NPA warns of potential dangers of US trade deal


By Alistair Driver, Pig World 

June 5, 2019


The NPA has urged the country’s next Prime Minister to ensure any future trade deal with the US does not open our doors to pork that would be illegal to produce in this country.


A post-Brexit US-UK trade deal rose to the top of the agenda again this week, as president Donald Trump visited the UK, telling outgoing Prime Minister Theresa May he is expecting a ‘very, very substantial trade deal’.


The visit took place as the Conservative Party prepares to elect a new leader and Prime Minister over the next few weeks. Prime Minister Theresa May and Defra Secretary Michael Gove have both repeatedly insisted UK farming would not be compromised by post-Brexit trade deals. But the NPA pointed out that neither will be in the same post as the negotiations unfold, if as expected, Mr Gove moves to a new role under the next leader, or is successful, himself.


The US Government and pork industry have made it clear that they want to see the ‘elimination of impediments’ currently imposed by the EU on US meat products under a future US-UK deal. EU restrictions on various practices that are widespread in the US currently act as an effective ban on US meat imports.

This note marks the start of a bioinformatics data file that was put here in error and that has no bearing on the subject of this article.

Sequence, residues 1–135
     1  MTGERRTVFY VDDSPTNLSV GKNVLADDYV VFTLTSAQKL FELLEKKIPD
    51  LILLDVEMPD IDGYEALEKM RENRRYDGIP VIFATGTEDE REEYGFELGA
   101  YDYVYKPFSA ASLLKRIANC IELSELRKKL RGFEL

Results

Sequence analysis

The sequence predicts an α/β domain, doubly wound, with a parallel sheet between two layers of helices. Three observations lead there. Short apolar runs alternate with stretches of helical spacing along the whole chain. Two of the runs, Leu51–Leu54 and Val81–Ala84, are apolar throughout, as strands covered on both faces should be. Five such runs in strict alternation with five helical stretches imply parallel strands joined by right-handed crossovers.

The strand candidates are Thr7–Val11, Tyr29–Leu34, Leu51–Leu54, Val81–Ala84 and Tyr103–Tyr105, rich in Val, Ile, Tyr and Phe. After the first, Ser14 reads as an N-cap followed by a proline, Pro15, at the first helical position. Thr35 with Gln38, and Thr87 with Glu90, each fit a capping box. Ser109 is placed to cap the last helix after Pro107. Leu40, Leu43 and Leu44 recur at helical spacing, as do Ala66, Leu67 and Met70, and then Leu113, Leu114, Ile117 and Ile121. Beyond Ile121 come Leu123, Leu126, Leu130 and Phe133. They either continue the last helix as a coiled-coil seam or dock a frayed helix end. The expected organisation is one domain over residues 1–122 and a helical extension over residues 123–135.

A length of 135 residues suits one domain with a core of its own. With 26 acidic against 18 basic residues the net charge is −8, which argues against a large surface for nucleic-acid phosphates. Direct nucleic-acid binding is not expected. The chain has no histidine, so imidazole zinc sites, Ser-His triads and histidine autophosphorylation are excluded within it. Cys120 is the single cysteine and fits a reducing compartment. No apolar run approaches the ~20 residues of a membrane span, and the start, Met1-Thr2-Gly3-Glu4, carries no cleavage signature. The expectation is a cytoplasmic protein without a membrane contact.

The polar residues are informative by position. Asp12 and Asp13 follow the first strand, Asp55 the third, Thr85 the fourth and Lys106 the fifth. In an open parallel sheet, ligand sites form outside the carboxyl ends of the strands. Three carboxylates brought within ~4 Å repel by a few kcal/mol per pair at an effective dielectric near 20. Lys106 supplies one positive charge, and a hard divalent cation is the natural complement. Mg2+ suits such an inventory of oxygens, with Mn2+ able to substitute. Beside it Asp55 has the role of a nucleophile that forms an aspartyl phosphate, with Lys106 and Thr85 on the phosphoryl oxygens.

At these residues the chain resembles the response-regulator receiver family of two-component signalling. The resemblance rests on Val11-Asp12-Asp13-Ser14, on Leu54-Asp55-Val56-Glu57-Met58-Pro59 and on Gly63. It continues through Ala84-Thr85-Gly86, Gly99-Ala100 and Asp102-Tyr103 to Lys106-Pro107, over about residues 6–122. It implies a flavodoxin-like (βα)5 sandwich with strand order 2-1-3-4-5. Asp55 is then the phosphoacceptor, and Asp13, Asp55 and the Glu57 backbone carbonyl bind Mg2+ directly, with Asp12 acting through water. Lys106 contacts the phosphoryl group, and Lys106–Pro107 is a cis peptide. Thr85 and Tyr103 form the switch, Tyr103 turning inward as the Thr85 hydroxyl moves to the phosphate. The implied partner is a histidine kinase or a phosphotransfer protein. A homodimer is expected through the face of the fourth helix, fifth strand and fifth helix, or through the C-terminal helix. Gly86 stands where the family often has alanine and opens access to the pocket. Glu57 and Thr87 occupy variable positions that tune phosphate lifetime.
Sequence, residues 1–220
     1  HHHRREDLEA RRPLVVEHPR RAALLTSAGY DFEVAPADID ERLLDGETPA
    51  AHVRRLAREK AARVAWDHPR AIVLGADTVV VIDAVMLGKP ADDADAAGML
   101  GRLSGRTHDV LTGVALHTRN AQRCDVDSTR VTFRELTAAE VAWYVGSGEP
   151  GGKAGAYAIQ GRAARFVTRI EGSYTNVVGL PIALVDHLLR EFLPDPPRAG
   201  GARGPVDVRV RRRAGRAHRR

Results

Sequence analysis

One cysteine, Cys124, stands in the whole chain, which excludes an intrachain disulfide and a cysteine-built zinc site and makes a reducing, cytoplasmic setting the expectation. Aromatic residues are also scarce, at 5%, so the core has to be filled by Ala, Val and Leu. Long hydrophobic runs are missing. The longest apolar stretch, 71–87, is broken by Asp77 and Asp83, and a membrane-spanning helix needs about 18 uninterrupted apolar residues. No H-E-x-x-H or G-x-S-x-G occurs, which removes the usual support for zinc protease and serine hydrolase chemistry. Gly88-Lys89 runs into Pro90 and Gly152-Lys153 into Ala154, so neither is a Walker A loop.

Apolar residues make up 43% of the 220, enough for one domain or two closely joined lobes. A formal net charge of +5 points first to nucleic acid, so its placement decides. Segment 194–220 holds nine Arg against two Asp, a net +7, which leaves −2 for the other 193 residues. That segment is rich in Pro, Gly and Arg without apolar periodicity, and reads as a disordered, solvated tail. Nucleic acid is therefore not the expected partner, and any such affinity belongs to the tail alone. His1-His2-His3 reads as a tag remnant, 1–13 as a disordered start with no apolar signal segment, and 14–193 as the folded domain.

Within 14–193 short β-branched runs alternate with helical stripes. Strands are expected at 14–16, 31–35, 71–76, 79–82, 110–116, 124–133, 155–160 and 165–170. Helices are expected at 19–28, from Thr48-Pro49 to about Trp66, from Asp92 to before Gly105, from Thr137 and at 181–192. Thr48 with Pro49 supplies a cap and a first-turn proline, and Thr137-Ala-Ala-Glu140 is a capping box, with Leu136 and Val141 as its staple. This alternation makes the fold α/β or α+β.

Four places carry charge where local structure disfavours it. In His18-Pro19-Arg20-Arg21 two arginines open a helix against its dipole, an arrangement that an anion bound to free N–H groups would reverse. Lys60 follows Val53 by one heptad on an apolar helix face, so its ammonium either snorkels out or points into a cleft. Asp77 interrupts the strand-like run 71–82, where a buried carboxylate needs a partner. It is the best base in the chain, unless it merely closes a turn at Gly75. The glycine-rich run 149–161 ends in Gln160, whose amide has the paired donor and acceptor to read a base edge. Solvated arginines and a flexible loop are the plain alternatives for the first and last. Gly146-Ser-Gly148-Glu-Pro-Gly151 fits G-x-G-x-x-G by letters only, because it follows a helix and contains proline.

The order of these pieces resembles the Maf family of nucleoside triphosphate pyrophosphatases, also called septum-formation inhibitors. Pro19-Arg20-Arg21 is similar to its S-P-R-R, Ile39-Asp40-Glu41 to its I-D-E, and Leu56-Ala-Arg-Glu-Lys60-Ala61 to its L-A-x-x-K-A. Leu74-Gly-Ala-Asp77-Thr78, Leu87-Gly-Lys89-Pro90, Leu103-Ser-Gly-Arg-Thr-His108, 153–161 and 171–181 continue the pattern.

In a recent article in Pig World, Nick Giordano, of the US National Pork Producers Council, outlined some of the practices the industry would insist on being permitted, including:


·         Replacing the current Tariff Rate Quotas with zero-tariff access for US pork.

·         Dropping barriers to trade based on pork produced with feed additive ractopamine.

·         Dropping the EU requirement that the US conduct trichinae risk mitigation, such as testing or freezing as a condition for market access.

·         Permitting ‘Pathogen Reduction Treatments’ in meat production.

·         Recognising the US plant inspection system as equivalent to the UK system and allowing the importation of pork from USDA-approved plants without equivocation.


There are also vast differences between the US and UK over how pigs are kept. Sow stalls, banned in the UK 20 years ago, are still widely used in the US, even though some major companies are trying to phase out ‘gestation crates’.


Furthermore, the huge strides made by the UK pig industry to reduce antibiotic use in recent years have not been matched in the US, where usage remains high.


NPA chief executive Zoe Davies said: